What about removing chromatic aberration, reducing vignetting and performing colour noise reduction? All of these can not only be done as part of your raw file conversion workflow, but also saved as custom configuration files for future use. Below in Figure #3 you see just a few of the settings that can be each or in combination saved as custom processing configuration files.

Just as important as discovering what each of Camera Raw's controls does, and why, Bruce provides a clear explanation of the proper order in which they should be used for optimum efficiency and image quality.


Figure 3
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Criticisms

There isn't that much not to enjoy about this book. The subject matter is covered in detail and with clarity. The book feels a bit as if it could have used one more round of editing though. Some subjects are repeated more than might be necessary for most readers. Also, the photographic illustrations don't always illustrate their point as clearly as one might wish. Finally, and on a minor note, the copyright notice is given as 2005, though the book was first made available in late July, 2004; something that is bound to confuse some future historian of digital imaging.

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Cleft. Iceland, July 2004
Contax 645 with Kodak DCS Proback and Zeiss Sonnar 210mm f/4 lens
Processed with Camera Raw

Conclusion

If you're currently shooting in raw mode and using Camera Raw in Photoshop CS you may wonder whether buying a book on how to use what you already feel you know is a good investment. Trust me on this! It is, and after just a couple of hours with RWCR you'll marvel at your increased efficiency as well as improved technique. And, if you're currently shooting JPG files, this may be the book that finally explains the compromise that you're making and why you should consider making shooting raw files part of your photographic workflow.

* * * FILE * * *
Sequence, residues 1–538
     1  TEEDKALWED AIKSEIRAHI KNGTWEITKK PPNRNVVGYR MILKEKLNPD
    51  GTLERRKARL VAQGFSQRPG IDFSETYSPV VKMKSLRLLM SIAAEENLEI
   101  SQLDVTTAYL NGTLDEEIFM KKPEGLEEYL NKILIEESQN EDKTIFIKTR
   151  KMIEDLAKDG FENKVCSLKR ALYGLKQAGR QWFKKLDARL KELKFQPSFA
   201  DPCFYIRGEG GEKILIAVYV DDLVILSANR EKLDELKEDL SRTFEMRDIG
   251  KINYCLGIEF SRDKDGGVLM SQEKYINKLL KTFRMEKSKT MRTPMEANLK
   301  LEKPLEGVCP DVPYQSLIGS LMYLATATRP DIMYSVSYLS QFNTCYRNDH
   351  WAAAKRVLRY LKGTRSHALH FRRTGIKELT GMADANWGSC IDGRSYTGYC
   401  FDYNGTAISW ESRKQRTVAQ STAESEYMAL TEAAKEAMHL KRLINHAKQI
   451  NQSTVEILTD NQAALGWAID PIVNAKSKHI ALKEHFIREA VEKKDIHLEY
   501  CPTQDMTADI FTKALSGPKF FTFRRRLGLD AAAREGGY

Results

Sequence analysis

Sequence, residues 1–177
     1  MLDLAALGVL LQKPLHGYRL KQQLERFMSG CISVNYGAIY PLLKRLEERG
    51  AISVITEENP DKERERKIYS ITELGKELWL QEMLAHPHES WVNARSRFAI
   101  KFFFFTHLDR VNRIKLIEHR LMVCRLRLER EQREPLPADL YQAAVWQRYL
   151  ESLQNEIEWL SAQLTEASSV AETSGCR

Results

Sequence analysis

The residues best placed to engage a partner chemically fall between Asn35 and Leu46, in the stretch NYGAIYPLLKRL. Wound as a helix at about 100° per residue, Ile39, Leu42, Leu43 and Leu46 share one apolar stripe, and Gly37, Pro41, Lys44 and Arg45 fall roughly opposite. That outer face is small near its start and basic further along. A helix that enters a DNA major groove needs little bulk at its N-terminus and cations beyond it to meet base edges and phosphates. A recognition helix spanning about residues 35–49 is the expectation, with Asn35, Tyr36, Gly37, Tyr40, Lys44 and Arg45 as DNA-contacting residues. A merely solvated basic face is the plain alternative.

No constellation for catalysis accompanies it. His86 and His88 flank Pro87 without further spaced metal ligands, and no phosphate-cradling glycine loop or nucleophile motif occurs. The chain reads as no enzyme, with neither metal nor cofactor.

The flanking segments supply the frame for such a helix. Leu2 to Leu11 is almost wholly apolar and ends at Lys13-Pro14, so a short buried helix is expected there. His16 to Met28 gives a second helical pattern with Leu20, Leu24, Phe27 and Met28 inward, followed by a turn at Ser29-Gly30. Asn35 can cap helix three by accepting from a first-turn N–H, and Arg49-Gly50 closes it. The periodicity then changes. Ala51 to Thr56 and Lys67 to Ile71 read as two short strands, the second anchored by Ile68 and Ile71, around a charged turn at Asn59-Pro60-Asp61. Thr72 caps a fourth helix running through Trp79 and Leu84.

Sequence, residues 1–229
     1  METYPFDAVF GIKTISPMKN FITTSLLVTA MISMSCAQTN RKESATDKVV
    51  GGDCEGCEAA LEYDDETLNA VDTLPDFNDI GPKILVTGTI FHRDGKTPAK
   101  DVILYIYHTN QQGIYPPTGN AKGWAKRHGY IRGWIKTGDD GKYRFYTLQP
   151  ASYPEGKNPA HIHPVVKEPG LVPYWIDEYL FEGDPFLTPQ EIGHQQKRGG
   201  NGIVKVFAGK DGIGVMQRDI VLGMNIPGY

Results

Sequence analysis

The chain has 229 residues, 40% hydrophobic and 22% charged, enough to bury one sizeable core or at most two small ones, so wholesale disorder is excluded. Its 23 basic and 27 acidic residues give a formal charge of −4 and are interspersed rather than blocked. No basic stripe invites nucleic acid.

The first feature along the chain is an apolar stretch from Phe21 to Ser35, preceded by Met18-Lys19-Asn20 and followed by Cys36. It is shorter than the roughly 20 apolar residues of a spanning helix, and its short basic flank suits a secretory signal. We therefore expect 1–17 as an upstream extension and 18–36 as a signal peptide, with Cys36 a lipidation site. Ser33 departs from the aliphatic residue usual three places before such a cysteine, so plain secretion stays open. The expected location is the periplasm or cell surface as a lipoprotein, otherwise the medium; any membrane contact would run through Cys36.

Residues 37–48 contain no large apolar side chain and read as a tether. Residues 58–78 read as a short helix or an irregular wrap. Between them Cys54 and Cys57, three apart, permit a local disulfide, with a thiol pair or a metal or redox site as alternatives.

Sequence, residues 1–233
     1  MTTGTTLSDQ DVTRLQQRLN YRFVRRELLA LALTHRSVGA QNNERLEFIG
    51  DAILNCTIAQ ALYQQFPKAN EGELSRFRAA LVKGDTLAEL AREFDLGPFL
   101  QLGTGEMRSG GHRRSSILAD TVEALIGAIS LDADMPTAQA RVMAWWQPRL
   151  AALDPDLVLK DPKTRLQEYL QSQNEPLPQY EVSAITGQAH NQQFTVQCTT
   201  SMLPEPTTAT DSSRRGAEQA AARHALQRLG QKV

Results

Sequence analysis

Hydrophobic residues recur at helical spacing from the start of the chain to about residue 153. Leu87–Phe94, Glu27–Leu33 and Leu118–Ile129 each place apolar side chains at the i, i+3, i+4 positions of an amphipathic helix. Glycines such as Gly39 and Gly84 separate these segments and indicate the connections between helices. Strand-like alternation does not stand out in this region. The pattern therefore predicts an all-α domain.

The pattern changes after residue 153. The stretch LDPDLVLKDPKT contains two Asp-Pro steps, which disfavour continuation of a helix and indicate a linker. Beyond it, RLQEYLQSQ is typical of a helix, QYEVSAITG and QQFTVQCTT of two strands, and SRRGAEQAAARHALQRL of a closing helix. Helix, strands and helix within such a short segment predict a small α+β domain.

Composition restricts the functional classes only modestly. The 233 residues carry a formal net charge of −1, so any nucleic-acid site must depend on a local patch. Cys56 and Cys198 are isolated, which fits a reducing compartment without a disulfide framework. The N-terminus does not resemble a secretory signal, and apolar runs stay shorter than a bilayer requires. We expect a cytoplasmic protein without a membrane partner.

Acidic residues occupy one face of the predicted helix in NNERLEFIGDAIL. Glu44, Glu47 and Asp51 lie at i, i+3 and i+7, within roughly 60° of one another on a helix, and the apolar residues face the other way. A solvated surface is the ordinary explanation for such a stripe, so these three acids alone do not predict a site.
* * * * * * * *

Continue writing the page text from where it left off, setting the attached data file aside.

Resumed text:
Highly recommended. In fact, this book is a must.

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Concepts: Raw image format, Adobe Photoshop, Digital photography, Digital camera, Digital single-lens reflex camera, GIMP, Photography, JPEG

Entities: Adobe, Phase One, Peachpit Press, Amazon.com, Michael Reichmann, Bruce Fraser, Bruce

Tags: Camera Raw, raw files, Photoshop CS, raw mode, digital, Camera Raw converter, tools, jpg files, raw conversion programs, digital photographer, File Browser, raw file conversion, image, new camera models, colour space, Real World Camera, Adobe, raw images, raw format, photographer, Adobe Photoshop CS, camera maker, highest possible quality, digital image capture, different digital cameras, fine art photographer, processing configuration files, specific camera, author bruce fraser, ProPhoto colour space, widest colour space, colour noise reduction, batch files, frequent arguments, Different photographers, Phase One, valuable aspect, limited needs, web forums, certain way